Not since the heyday of Glenn Miller and Tommy Dorsey has the trombone enjoyed widespread acceptance as a band leader's instrument. With only a few exceptions, the last half century has seen trombonists slide from favor as leaders and become more commonly viewed as sidemen. Even genuinely notable artists like J.J. Johnson, Frank Rosolino, Bill Watrous and Slide Hampton never really gained the fame and notoriety afforded their predecessors of the 1930s and '40s. Some believe the trombone's fall from prominence can be attributed to the birth and popularity of bebop (from the mid '40s until the 1960s). ...read more
Clifton Anderson has been on a lifelong journey of artistic evolution. From his start as a child surrounded by a musical family, to formal education mixed with the practical experience of live gigs, Clifton's odyssey is ever-unfolding. Whether playing as a long-standing member of his uncle Sonny Rollins' band, helping to run the Doxy label or leading sessions with his own band, Clifton's life is always happily connected to music.
Chapter Index Early Years And Inspirations Tennis Versus Jazz Formal Education First Gigs Multi-Genre Touch Technology and Bones Landmarks Writing Decade Doxy
Early ...read more
Clifton Anderson has spent almost a quarter-century playing trombone in Sonny Rollins' band, rarely leading his own groups. Decade is Anderson's second release as a leader, utilizing a variety of musicians in different combinations (several of whom are Rollins alumni or sidemen): pianists Larry Willis and Stephen Scott, bassists Bob Cranshaw and Christian McBride, drummers Al Foster and Steve Jordan, saxophonists Kenny Garrett and Eric Wyatt, plus percussionist Kimati Dinizulu. On his own, Anderson has a better chance to showcase himself without the competition from his uncle's long solos, as well as featuring his catchy post-bop compositions. He isn't trying ...read more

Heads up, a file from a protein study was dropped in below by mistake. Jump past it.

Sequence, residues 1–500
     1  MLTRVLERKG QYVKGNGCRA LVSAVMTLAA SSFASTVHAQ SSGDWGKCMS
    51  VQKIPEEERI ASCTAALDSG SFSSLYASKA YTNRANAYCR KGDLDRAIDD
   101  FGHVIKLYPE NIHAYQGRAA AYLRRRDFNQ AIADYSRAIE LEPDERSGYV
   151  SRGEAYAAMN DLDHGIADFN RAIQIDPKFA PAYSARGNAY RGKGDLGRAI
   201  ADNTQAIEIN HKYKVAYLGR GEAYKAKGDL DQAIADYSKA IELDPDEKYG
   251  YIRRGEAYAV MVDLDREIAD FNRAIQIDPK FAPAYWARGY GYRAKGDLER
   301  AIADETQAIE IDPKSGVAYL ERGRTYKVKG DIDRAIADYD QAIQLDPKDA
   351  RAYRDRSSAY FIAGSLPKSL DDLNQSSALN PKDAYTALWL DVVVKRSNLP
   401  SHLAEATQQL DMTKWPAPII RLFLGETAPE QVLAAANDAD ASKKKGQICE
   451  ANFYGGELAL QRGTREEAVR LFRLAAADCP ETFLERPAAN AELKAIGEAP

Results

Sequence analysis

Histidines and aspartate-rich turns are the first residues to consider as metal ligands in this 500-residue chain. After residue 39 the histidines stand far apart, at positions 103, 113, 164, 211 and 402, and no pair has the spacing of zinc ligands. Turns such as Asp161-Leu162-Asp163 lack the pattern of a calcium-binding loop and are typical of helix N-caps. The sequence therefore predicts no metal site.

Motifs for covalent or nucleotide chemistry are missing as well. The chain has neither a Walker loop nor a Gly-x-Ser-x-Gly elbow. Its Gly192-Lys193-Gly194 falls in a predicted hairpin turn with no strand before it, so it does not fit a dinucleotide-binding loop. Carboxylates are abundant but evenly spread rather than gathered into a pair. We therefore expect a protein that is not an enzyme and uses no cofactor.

Best-known for playing and producing with his famous uncle Sonny Rollins (who gave him his first trombone when he was only seven), trombonist Clifton Anderson is back with Decade, his second album as a leader.
A little more than a decade has, in fact, passed since his first effort. All good things to those who wait, as this new collection of standards and originals is a clear improvement over Landmarks (Milestone, 1996).
The lineup features other talented Rollins' band mates, as well as more famous names including saxophonist Kenny Garrett and bass virtuoso Christian McBride, but ...read more
After a dozen years playing in his uncle's band, 40-year-old trombonist Clifton Anderson steps out of the Sonny Rollins group for Landmarks , his Milestone debut. This is a nice, polished mainstream set which mixes some bop and ballads with a couple standards and (surprise, surprise) a fun calypso. Anderson has an all-star lineup, with Monty Alexander, who's excellent on piano, Bob Cranshaw on bass, Al Foster on drums and solid guest spots for Wallace Roney on trumpet ("Princess Neh Neh"), Victor See Yuen's percussion ("I Thought It Was Understood") and Kenny Garrett on alto ("Mommy"). If the presence of ...read more